A method for accurate in silico modeling of ultrasound transducer arrays.

Journal Article (Journal Article)

This paper presents a new approach to improve the in silico modeling of ultrasound transducer arrays. While current simulation tools accurately predict the theoretical element spatio-temporal pressure response, transducers do not always behave as theorized. In practice, using the probe's physical dimensions and published specifications in silico, often results in unsatisfactory agreement between simulation and experiment. We describe a general optimization procedure used to maximize the correlation between the observed and simulated spatio-temporal response of a pulsed single element in a commercial ultrasound probe. A linear systems approach is employed to model element angular sensitivity, lens effects, and diffraction phenomena. A numerical deconvolution method is described to characterize the intrinsic electro-mechanical impulse response of the element. Once the response of the element and optimal element characteristics are known, prediction of the pressure response for arbitrary apertures and excitation signals is performed through direct convolution using available tools. We achieve a correlation of 0.846 between the experimental emitted waveform and simulated waveform when using the probe's physical specifications in silico. A far superior correlation of 0.988 is achieved when using the optimized in silico model. Electronic noise appears to be the main effect preventing the realization of higher correlation coefficients. More accurate in silico modeling will improve the evaluation and design of ultrasound transducers as well as aid in the development of sophisticated beamforming strategies.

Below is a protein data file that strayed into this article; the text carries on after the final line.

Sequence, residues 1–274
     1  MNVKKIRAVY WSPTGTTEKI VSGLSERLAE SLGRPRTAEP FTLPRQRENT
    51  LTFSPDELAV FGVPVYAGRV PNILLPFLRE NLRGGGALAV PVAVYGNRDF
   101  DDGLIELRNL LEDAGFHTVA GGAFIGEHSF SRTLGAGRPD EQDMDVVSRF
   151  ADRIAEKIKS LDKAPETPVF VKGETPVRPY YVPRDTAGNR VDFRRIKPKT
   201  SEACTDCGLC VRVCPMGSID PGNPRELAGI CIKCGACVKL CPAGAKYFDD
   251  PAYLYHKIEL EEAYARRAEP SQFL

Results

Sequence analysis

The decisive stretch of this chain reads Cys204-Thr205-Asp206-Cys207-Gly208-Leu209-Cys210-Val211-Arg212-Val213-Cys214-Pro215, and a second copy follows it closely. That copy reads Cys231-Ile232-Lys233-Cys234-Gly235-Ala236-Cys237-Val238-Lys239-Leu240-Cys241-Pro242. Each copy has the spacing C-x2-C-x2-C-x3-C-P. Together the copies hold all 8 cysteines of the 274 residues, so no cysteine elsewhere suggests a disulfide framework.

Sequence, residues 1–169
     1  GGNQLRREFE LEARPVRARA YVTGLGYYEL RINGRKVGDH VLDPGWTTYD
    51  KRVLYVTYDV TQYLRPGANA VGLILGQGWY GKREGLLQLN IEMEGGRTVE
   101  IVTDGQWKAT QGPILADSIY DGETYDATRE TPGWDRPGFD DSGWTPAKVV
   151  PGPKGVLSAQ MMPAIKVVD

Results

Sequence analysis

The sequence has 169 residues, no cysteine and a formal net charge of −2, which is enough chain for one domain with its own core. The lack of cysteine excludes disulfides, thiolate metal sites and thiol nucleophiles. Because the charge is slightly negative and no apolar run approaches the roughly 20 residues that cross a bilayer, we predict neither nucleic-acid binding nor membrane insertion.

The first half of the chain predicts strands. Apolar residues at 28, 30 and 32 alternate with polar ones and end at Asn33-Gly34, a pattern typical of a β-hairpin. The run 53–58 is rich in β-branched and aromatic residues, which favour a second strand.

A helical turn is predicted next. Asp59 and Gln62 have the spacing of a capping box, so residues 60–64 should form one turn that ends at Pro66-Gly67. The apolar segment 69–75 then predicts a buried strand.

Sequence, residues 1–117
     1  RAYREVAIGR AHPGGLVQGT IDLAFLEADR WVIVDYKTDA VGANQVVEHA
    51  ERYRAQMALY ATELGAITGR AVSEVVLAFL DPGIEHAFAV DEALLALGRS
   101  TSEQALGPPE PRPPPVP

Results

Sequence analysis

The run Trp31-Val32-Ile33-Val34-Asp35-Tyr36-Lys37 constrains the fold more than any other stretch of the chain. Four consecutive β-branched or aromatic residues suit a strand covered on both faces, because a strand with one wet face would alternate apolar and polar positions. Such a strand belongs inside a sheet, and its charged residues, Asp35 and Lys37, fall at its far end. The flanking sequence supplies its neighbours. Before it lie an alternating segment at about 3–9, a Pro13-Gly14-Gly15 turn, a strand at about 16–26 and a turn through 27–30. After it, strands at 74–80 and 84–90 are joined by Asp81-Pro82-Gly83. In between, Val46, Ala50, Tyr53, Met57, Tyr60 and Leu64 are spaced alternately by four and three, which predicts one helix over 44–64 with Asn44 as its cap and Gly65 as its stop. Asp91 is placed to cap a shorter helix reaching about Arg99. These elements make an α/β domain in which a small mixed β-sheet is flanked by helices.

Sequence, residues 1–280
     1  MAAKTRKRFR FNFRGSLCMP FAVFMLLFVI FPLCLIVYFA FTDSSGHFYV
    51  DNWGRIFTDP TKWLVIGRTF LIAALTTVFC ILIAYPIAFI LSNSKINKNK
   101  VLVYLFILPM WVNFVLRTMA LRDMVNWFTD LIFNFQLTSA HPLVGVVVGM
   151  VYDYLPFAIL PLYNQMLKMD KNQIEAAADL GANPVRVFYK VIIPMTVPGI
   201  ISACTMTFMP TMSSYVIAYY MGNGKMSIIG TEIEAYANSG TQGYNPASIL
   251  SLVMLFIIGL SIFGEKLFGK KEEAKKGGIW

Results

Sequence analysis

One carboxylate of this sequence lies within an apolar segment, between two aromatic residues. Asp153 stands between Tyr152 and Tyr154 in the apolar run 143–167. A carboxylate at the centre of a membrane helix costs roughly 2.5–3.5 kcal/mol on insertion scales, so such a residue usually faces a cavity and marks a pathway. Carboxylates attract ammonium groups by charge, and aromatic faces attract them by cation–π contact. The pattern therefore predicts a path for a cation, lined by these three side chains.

Full Text

Duke Authors

Cited Authors

  • Guenther, DA; Walker, WF

Published Date

  • May 2009

Published In

Volume / Issue

  • 49 / 4-5

Start / End Page

  • 404 - 412

PubMed ID

  • 19041997

Pubmed Central ID

  • PMC2723783

Electronic International Standard Serial Number (EISSN)

  • 1874-9968

International Standard Serial Number (ISSN)

  • 0041-624X

Digital Object Identifier (DOI)

  • 10.1016/j.ultras.2008.10.010


  • eng